Learn how to add anomaly detection metrics to your data requests, as well as creatively graph the data.
Hi, this is Jen Lasser with Adobe Analytics product management. In this video, I’m gonna show you how to add Anomaly Detection metrics to your Request and Report Builder and then take that data and graph it in a nice Dashboard. So we’re gonna recreate this graph, you see here in the bottom left of the Dashboard. And just zoom in a little bit so you can see a little bit better.
So it’s a line graph, but it also has a bar that depicts the Expected Range based on the Anomaly Detection data.
So let’s go ahead and pull the data first and then I’ll show you how to create the graph.
So this is the data that’s actually powering that graph right now. I’ll go ahead and delete it so we can start fresh in and go through the steps together.
So you want to add a Data Request and the selections you want to make on the first screen are to go to Site Metrics. Select your Report Suite, apply a Segment if needed. Choose your Date Range.
Perhaps the most important part is selecting daily granularity. Anomaly Detection will only be available when you choose daily granularity for a trended a table of data. So go to the next screen here. First I’ll pick a place to input this Data Request top left there and I’ll choose my first metric so I’ll do Page Views. Drag that over. So Anomaly Detection can be added by clicking on None Anomaly Detection And then you’ll get a few options: Lower Bound , Expected and Upper Bound will replace the actual metric, which is represented by None. Insert will insert Anomaly Detection metrics in addition to the actual data point. And these are the options we want to work with. So Lower and Upper bound tell you kind of the range of expected data and then Expected values tell you exactly what was expected within that range. So to get the chart that I just showed, you want to add in Lower and Upper Bound. So notice that there’s three metrics in the requests now, None is the actual Page Views and then Lower and Upper Bound are the Anomaly Detection Page Views. So we can add in a couple more metrics if we like.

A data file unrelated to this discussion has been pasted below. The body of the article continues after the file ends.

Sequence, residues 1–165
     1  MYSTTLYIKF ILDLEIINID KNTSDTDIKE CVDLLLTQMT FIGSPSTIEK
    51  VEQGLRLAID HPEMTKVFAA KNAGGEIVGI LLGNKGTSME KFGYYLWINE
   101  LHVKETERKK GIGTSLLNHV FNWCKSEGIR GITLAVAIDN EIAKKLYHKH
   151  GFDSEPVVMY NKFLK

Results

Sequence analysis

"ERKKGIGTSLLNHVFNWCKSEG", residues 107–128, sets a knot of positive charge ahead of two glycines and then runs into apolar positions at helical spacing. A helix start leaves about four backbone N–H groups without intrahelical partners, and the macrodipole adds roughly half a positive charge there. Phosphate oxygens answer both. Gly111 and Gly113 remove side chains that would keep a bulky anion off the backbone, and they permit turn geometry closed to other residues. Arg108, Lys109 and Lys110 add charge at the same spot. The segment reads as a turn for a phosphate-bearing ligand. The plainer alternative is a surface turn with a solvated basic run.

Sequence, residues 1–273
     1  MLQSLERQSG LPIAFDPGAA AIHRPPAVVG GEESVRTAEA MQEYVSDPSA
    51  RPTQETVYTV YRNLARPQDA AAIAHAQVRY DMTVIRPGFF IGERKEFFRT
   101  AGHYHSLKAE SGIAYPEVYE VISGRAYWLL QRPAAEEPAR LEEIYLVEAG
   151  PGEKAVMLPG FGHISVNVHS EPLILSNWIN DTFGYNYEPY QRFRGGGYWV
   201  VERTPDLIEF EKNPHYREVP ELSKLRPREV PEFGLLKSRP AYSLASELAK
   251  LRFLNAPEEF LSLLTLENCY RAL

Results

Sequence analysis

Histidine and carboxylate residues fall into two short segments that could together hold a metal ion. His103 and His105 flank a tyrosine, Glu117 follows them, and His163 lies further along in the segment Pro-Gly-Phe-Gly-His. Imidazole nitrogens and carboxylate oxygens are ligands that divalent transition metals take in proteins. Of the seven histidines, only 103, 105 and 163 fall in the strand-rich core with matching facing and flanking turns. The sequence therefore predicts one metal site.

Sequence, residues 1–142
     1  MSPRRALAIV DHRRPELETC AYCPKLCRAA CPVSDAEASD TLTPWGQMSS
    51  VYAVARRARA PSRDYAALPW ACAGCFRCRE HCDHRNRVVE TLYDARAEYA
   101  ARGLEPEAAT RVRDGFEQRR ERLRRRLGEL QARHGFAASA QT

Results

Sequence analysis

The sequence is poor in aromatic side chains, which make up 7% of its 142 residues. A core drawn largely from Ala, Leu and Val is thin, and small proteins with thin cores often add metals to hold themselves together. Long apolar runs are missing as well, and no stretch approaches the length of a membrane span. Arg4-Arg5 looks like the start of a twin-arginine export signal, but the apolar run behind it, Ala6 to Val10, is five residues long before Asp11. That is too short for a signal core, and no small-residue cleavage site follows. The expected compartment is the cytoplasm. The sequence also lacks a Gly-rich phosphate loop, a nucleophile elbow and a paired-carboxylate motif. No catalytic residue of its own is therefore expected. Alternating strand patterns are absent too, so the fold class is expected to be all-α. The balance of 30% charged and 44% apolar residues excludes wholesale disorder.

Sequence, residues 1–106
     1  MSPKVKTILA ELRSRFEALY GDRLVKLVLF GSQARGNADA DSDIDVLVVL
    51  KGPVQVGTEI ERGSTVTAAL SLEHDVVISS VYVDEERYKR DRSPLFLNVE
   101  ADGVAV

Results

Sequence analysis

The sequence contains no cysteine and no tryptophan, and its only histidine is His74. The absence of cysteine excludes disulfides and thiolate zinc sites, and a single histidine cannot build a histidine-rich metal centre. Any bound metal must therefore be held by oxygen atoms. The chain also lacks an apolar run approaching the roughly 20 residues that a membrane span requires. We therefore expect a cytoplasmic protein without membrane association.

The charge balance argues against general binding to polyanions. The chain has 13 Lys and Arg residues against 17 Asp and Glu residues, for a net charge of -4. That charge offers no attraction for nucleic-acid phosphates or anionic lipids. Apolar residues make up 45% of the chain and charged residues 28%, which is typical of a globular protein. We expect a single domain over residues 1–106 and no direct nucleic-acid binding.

I’ll add in Visits and do the same thing Anomaly Detection, Insert and I’ll do Unique Visitors as well.
So now that we have our Data Requests we go ahead and click Finish and let this run really quickly .
OK .Great . So I’m actually going to build the chart off of this column of formulas, I’ll explain this in another video, but you can get pretty creative with dropdowns in excel so that you can allow your users to chart either Page Views Visits or Unique Visitors. For this we’ll just stick to the one that’s showing here so that’s Page Views, but be sure to check out that next video around using dropdown controls. So we have the data, we’ll go back to our chart here. It’s all pre-populated so I’ll walk you through how I created this.
So it’s actually three different Series, The actual data is pulling from that None column. So we’ll go ahead and go look at that really quickly. So that is the None data that came out of the Data Request or the actual Page Views .
What I’ve called Expected Range is really the Upper Bound. So if you go and take a look at what that is in the table it’s the Upper Bound that was returned from the Data Request. I’ll explain that naming difference in a minute. And then the third Series is the Lower Bound.
So what we’ve done to create this chart here is the actual is just a line chart and the Expected and Lower Bounds are Area Charts with different coloring. So Lower Bound is an Area Chart you can see it outlined here that just has a clear fill so that you don’t have any color for it. And then the Upper Bound is this darker color Area Chart. I’ve called it Expected Range because when you overlap the Lower Bound on top of the Upper Bound you actually get what the Expected range band is for Anomaly Detection.
So just to recap the order of the Series matters, it gets you this nice overlapped chart. So make sure to when you build this do Actual, Expected Range and then Lower Bound.
So hope you guys found this helpful Highly recommend adding an Anomaly Detection anytime you have a trended visualization it just adds a lot more depth to the data that you’re sharing because it really roots the actual data in historical information as well as expected kind of future behavior.
Anomaly detection uses statistical modeling to automatically find unexpected trends in your data.
In Report Builder, you can return metric actuals, along with expected values and upper & lower boundaries, to add more depth to the data you are analyzing & sharing.
For more information on this feature, visit the documentation.